Chapter 1

The Criminology of Terrorism

Mutating Forms of Terrorism

You have probably heard and may have used the word terrorism prior to reading this book. If you have, then you had an image in your mind when you discussed it. Other people have used the word, and they also project their own meanings into the term terrorism. This creates a problem. Nobody has been able to produce an exact definition of the subject. As a result, terrorism means different things to different people. To make matters worse, the nature of terrorism has changed over the course of history. Violent activity at one point in time may be called terrorism, while the same action may be deemed war, liberation, or crime in another period of history. Religion has come to play an important part of some forms of terrorism in the past few years. The purpose of this chapter is to introduce methods for understanding terrorism and the tactics terrorists use.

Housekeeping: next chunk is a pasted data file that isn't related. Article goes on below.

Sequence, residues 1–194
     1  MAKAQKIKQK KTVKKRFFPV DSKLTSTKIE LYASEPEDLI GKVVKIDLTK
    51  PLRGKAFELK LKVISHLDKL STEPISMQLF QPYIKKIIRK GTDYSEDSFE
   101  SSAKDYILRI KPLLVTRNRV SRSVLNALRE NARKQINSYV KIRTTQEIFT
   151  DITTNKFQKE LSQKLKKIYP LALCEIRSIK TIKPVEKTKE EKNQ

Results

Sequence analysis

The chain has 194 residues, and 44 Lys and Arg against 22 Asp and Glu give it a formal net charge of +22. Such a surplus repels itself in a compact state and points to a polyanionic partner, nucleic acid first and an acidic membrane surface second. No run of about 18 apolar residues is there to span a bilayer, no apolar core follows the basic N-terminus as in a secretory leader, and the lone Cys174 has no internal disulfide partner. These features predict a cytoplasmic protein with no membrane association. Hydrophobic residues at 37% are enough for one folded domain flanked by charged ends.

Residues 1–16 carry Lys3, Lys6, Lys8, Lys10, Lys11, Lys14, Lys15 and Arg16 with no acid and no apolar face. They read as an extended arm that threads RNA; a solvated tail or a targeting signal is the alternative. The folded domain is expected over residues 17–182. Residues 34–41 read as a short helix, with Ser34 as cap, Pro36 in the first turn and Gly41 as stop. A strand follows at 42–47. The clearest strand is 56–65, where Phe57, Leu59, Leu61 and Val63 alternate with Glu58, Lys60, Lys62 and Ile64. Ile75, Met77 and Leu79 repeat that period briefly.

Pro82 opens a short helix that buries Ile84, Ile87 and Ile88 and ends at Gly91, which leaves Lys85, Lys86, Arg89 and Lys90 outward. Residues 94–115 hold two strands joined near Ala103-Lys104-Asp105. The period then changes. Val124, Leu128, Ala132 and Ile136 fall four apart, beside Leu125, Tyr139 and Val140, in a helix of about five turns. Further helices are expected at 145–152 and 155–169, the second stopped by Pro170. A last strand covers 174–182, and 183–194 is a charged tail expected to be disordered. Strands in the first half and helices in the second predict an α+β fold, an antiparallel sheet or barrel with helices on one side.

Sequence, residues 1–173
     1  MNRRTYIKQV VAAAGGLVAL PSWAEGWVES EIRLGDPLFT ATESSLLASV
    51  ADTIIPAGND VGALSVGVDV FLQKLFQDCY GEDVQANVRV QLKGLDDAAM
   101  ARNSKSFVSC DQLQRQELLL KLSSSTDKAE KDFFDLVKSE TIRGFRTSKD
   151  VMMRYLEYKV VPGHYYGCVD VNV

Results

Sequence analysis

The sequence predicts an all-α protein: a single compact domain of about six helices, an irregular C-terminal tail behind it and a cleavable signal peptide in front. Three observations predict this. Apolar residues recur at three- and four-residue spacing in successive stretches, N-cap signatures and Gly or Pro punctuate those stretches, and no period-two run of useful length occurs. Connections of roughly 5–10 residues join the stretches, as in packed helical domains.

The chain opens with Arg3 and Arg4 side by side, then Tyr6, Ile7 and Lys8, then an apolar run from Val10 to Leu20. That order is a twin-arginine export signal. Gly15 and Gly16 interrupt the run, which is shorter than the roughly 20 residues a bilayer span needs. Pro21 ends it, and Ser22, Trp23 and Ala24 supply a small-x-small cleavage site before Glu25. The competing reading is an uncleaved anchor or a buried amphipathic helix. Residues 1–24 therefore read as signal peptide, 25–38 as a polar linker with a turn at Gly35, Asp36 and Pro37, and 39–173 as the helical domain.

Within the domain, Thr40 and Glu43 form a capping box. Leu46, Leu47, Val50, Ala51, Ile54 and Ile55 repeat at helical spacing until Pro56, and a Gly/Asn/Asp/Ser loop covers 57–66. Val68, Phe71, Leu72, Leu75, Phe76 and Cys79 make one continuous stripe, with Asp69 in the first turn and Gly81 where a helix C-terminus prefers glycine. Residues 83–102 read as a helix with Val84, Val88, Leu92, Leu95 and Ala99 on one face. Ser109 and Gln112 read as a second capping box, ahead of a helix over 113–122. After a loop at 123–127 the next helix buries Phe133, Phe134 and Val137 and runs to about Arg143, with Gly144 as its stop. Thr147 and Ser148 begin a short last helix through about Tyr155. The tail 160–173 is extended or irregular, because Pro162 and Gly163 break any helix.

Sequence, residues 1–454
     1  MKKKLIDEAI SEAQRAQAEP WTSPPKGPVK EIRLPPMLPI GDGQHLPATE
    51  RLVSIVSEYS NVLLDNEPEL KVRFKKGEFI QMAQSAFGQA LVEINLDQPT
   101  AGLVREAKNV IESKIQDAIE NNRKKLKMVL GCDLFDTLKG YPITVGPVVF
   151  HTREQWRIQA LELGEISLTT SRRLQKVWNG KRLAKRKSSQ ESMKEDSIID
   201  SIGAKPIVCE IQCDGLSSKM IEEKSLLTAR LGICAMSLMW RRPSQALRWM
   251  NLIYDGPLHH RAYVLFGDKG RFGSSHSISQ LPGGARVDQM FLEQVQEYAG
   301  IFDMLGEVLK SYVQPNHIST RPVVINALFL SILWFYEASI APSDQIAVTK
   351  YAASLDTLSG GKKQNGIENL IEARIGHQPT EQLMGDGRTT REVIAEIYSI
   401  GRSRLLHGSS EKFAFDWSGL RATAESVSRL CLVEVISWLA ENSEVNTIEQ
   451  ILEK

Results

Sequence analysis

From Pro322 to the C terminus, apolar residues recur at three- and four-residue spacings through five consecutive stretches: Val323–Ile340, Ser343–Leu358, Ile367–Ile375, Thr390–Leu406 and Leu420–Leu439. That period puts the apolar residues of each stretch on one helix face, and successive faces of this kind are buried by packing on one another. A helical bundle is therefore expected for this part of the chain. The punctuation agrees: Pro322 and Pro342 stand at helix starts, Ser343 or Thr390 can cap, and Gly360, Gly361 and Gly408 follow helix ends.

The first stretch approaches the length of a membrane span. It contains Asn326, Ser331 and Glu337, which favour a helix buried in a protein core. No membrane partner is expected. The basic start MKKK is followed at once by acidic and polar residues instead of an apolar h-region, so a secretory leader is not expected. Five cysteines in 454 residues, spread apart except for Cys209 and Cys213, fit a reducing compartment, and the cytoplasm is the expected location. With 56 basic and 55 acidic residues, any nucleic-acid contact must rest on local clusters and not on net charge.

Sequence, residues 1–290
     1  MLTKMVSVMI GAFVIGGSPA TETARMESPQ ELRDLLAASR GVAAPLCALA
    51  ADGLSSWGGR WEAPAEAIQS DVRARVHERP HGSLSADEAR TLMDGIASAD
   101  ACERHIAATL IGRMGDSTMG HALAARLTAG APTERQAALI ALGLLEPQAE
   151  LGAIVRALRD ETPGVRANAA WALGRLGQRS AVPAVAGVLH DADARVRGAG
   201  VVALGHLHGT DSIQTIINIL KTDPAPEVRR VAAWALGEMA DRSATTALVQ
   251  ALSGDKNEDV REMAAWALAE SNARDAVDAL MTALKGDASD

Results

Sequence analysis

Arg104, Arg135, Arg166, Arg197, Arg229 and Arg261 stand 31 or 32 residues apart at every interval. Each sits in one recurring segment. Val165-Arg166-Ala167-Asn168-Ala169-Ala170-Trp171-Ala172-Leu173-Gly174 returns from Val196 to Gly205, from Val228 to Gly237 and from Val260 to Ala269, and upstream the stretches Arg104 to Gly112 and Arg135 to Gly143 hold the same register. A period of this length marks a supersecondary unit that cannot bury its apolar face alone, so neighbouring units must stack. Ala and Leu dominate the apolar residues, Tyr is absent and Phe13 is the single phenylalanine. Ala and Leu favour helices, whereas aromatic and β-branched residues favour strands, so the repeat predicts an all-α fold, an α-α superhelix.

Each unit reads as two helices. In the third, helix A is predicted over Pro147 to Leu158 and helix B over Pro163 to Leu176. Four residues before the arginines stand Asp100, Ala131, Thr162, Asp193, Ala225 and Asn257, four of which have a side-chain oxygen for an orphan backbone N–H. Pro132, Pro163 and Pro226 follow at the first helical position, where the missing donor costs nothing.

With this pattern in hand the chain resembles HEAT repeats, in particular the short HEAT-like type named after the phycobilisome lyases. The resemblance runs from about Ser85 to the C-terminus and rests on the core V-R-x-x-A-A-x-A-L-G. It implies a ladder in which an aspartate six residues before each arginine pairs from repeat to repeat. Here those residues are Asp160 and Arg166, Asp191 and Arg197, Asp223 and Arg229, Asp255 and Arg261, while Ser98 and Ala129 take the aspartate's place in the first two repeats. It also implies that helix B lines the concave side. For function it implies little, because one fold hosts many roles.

After reading this chapter, you should be able to:

 1. Describe the problems of the contextual meaning of terrorism.

 2. List and define some of the contexts of terrorism.

 3. List and summarize some common definitions of terrorism.

 4. Explain the strengths and weaknesses of typologies of terrorism.

 5. Describe a tactical typology of terrorism.

 6. List and summarize the five basic tactical forms of terrorism.


Terrorism beams into our homes through television screens, it assaults us in newspapers and magazines, and it sometimes touches our lives in more direct manners. People do not seem to worry about the definition of terrorism at such times. They simply feel terror when they see the violence. Sometimes it seems as though the event itself defines terrorism. For example, when a plane is destroyed by a bomb, it is frequently called terrorism, but when military forces shoot down a civilian aircraft, it can be deemed an unfortunate mistake. The United States may launch missiles at a suspected terrorist base and claim it is defending national interests. Yet, it may condemn another country for doing the same thing in another part of the world. Dual standards and contradictions lead to confusion any time the term terrorism is employed.